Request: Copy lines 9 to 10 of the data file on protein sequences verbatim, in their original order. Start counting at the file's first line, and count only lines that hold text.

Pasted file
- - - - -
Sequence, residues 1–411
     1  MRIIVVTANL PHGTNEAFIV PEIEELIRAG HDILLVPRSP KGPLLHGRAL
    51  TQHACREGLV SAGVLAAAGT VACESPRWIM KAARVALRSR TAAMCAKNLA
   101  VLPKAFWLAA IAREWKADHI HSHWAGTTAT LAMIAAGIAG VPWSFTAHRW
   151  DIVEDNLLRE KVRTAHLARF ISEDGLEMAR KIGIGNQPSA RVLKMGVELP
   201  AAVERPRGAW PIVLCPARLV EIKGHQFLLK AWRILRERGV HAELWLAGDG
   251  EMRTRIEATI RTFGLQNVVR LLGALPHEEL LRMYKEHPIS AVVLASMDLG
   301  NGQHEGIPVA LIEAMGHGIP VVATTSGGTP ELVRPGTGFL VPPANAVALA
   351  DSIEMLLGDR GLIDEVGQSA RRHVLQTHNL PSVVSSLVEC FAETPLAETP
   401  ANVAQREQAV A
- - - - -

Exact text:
   351  DSIEMLLGDR GLIDEVGQSA RRHVLQTHNL PSVVSSLVEC FAETPLAETP
   401  ANVAQREQAV A